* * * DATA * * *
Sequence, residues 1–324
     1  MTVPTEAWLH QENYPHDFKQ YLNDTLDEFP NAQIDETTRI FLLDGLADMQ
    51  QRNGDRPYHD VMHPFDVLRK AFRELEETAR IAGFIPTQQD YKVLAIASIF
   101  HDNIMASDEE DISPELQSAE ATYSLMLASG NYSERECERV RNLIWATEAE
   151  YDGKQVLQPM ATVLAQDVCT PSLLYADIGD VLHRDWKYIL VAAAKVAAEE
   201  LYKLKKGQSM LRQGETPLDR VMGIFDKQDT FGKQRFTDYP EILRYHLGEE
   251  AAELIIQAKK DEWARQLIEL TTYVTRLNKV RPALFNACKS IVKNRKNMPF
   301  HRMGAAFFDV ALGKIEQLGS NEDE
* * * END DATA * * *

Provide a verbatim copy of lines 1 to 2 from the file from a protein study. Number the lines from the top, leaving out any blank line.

Sequence, residues 1–324
     1  MTVPTEAWLH QENYPHDFKQ YLNDTLDEFP NAQIDETTRI FLLDGLADMQ